Category Archives: Columns

Finding Some Relief

By Madeline Uretsky

It seems as though every summer for the last 5.5+ years I’ve tried some new treatment, plan, regimen, or whatever you want to call it. Some things have worked, and others have not. I’ve tried everything: natural and unnatural, medical and alternative, traditional and obscure. Except for one procedure that many people in the concussion community have tried. And it worked.

I discovered this procedure after reading posts on concussion/TBI Facebook groups, and talking with some friends who have tried it. For some, it works and changes their lives. For others, it does not, and it’s just another failed treatment. I was hesitant to try it for several reasons; I was nervous about the side effects and recovery time, medically intervening this many years later, and of course, fearing the needles.

With mixed reviews, and reassurance that it would not cause any adverse effects, I was optimistic and excited that it may work for me. I have an incredible trust in my neurosurgeon who has been my guide over the last 5.5+ years, so on June 12th, 2017, I underwent a bilateral greater occipital nerve block.

In simple terms, I had a few needles stuck in the back of my head while I was lying down on an operating room table. I was given Valium beforehand, and the procedure itself took no more than fifteen minutes. I was injected with steroids to help reduce the swelling of the tissue around the inflamed nerves in the back of my head that are partially responsible for my daily headaches.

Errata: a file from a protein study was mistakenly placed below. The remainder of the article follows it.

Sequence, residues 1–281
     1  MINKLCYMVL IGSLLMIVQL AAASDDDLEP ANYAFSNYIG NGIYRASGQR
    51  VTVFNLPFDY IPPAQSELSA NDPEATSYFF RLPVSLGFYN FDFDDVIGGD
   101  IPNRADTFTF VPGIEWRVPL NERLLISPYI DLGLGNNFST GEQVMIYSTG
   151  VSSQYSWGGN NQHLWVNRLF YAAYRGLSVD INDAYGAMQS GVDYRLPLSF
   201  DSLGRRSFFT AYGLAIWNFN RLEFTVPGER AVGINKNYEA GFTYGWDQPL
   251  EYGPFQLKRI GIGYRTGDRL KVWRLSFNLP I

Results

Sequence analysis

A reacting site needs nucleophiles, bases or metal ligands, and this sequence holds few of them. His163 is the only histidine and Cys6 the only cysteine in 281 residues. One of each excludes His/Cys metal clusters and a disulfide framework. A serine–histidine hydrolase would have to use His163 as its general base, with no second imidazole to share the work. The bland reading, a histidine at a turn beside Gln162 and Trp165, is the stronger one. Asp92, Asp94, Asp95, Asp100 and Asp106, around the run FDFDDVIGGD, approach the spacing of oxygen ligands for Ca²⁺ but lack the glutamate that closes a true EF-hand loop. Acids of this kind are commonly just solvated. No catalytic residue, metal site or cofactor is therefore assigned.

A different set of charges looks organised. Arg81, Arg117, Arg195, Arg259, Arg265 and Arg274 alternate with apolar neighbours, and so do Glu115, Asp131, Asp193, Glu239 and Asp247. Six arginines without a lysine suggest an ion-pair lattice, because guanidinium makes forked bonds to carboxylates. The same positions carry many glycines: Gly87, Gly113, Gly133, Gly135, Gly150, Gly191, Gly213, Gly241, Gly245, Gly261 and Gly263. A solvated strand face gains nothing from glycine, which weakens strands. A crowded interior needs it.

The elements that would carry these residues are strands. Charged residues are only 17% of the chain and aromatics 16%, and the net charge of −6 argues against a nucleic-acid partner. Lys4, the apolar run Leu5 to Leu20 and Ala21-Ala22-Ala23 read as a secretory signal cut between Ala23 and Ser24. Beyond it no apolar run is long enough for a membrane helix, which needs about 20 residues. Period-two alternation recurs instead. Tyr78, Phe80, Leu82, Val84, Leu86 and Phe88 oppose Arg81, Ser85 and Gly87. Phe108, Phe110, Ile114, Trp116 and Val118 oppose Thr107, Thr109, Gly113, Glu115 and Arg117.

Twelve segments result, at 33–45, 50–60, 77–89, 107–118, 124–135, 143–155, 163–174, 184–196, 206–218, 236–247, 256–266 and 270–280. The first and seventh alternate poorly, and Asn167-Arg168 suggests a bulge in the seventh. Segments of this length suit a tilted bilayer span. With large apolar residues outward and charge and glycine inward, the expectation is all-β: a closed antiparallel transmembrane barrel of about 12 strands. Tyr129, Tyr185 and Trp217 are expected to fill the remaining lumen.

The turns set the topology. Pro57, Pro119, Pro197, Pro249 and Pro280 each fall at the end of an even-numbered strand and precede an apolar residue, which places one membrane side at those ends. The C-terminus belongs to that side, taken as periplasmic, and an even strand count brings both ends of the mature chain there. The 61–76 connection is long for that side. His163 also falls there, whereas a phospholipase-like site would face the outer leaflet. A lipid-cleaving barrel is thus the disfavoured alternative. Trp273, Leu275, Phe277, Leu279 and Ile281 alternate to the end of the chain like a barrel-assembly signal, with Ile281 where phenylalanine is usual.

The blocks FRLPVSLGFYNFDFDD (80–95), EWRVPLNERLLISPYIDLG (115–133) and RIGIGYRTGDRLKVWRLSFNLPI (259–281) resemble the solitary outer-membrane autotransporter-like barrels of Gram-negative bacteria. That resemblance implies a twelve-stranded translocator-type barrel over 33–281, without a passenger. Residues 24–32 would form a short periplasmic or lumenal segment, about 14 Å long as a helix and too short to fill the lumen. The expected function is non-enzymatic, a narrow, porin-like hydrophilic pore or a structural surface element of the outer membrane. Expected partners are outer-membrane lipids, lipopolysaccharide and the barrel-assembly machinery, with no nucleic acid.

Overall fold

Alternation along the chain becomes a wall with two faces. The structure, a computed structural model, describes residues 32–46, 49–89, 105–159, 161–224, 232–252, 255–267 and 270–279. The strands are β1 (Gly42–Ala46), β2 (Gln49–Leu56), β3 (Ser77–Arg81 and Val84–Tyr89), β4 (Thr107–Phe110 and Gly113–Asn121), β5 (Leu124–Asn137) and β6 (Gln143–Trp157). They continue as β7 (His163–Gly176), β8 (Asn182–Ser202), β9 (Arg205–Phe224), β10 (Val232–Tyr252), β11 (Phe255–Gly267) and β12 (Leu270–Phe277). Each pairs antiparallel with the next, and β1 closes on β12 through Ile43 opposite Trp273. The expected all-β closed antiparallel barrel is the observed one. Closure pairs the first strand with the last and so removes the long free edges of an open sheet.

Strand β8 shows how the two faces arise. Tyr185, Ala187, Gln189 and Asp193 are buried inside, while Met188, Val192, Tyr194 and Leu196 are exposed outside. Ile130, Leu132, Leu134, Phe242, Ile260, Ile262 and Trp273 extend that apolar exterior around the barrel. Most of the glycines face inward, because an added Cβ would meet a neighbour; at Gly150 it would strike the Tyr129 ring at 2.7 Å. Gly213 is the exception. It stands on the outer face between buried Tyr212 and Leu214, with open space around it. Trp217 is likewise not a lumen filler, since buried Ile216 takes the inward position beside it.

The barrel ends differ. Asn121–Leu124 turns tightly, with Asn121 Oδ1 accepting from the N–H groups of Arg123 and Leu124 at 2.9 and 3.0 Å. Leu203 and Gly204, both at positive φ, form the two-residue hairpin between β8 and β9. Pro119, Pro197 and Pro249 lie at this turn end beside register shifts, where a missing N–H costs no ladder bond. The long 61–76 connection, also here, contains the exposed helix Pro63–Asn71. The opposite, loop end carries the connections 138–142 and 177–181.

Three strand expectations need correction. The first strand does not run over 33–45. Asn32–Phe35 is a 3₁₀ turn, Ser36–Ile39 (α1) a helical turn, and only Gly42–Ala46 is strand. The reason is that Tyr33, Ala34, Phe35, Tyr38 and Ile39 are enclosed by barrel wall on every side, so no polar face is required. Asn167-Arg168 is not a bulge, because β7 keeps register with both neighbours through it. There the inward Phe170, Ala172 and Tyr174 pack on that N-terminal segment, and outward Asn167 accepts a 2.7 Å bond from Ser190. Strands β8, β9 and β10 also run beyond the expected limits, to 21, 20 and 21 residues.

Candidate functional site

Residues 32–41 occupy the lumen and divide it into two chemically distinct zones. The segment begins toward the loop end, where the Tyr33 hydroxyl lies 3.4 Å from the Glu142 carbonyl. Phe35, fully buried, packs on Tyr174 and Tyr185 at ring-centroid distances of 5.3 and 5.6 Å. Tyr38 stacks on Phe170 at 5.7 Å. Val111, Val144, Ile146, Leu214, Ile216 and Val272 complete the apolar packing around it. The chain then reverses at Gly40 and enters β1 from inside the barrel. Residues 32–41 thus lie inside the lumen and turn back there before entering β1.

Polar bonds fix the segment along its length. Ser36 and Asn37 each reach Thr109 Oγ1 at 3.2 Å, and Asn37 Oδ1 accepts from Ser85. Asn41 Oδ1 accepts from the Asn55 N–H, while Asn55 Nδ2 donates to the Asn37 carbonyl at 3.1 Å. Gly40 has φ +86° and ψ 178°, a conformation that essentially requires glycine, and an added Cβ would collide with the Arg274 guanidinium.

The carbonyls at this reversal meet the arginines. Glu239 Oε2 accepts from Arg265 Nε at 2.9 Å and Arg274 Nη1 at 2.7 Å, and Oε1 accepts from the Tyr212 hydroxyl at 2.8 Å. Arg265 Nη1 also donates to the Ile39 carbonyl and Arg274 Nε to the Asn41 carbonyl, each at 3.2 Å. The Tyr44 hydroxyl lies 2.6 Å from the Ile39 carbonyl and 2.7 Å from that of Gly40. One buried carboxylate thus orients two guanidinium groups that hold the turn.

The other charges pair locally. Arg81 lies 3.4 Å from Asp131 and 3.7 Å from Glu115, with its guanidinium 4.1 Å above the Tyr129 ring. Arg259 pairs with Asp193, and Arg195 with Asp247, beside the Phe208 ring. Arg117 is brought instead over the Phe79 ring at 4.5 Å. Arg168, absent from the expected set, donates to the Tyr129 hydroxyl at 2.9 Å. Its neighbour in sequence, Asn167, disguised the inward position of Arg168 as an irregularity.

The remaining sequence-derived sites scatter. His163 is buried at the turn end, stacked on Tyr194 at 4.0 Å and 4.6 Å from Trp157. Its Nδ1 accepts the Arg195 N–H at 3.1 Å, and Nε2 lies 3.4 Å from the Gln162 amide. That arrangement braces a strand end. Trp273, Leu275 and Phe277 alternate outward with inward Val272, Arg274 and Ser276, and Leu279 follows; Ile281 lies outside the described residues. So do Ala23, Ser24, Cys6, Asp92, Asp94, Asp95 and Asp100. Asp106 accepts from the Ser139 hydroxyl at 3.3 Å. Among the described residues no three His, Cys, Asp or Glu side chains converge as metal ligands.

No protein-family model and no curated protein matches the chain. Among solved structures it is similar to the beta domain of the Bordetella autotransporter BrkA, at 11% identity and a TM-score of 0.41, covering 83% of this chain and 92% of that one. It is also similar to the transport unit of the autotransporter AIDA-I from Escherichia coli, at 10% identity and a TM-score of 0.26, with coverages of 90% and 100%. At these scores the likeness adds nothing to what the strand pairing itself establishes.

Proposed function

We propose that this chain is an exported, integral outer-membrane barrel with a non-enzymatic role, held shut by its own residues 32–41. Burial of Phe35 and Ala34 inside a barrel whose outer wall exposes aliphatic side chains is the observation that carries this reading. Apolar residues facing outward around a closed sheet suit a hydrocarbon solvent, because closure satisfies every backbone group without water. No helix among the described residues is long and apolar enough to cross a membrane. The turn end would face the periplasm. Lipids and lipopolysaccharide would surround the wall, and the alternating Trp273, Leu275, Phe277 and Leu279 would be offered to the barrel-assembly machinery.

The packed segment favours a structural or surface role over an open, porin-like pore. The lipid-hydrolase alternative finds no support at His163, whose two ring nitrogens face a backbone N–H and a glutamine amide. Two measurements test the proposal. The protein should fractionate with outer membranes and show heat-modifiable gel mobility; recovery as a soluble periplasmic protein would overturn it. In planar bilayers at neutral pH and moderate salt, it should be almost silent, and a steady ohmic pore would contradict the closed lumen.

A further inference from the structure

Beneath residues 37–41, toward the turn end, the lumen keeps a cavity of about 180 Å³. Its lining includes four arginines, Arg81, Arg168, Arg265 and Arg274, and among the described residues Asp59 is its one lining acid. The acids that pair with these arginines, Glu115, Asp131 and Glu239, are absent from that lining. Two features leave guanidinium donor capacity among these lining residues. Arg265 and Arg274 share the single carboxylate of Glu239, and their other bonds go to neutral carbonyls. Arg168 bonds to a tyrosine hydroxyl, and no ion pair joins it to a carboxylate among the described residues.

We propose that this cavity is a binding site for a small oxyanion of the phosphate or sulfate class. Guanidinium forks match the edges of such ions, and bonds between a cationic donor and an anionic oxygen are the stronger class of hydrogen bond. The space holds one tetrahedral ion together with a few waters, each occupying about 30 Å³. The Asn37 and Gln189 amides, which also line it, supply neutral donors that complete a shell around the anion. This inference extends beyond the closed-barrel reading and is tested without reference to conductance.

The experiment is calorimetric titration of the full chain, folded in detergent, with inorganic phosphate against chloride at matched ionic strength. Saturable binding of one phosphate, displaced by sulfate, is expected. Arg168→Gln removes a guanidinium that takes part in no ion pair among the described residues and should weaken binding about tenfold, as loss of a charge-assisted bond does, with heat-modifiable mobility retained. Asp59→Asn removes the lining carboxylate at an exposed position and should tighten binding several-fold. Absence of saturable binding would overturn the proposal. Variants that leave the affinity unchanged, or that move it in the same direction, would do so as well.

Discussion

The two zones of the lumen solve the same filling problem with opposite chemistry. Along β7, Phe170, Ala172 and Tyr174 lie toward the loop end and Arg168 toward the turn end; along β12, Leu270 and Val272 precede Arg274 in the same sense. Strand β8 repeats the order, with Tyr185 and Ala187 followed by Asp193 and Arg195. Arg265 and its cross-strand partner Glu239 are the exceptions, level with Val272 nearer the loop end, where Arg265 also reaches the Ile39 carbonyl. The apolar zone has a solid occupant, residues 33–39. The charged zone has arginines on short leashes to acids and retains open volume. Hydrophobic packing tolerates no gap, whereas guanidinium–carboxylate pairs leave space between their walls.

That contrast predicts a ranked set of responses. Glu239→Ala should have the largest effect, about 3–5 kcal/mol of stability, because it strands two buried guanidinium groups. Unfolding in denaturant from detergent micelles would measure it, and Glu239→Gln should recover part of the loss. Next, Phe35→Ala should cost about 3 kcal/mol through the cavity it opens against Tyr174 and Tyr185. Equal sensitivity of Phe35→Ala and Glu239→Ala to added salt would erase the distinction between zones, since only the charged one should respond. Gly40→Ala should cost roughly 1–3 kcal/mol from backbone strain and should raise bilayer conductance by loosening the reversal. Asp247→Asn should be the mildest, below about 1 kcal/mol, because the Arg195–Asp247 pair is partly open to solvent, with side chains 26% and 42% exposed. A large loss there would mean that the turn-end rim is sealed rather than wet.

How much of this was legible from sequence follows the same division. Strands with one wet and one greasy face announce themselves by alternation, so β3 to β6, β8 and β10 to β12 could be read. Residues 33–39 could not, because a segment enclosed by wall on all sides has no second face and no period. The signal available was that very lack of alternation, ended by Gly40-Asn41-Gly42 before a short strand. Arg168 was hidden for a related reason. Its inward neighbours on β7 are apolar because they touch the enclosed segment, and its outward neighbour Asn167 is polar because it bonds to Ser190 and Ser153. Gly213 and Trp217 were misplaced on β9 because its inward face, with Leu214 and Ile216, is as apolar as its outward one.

I did not notice relief right away. I was so exhausted, and so out of it after the procedure that I couldn’t tell what was going on. The back of my head was numb from the anesthetic that I was given, so I had to wait for it to wear off before noticing a difference in pain.

Furthermore, a few days later, I had one of the worst days of pain in years. I was extremely dizzy, nauseous, light sensitive, weak, having alternating hot flashes and chills, and elevated head pain. But the next day, and every day since, my head has been better than ever. My constant daily headaches aren’t completely gone, but they are definitely less painful, and less frequent.

Particularly, in two situations:

  1. Hunger
    • My constant headache and head pressure becomes much worse when I’m hungry.

Since this procedure, my head hurts noticeably less when I become hungry.

  1. Changes in weather
    • When the barometric pressure drops, my constant headache and head pressure becomes much worse.
    • Rain, snow, sun, or more than twenty-degree temperature change in a day causes my symptoms to increase.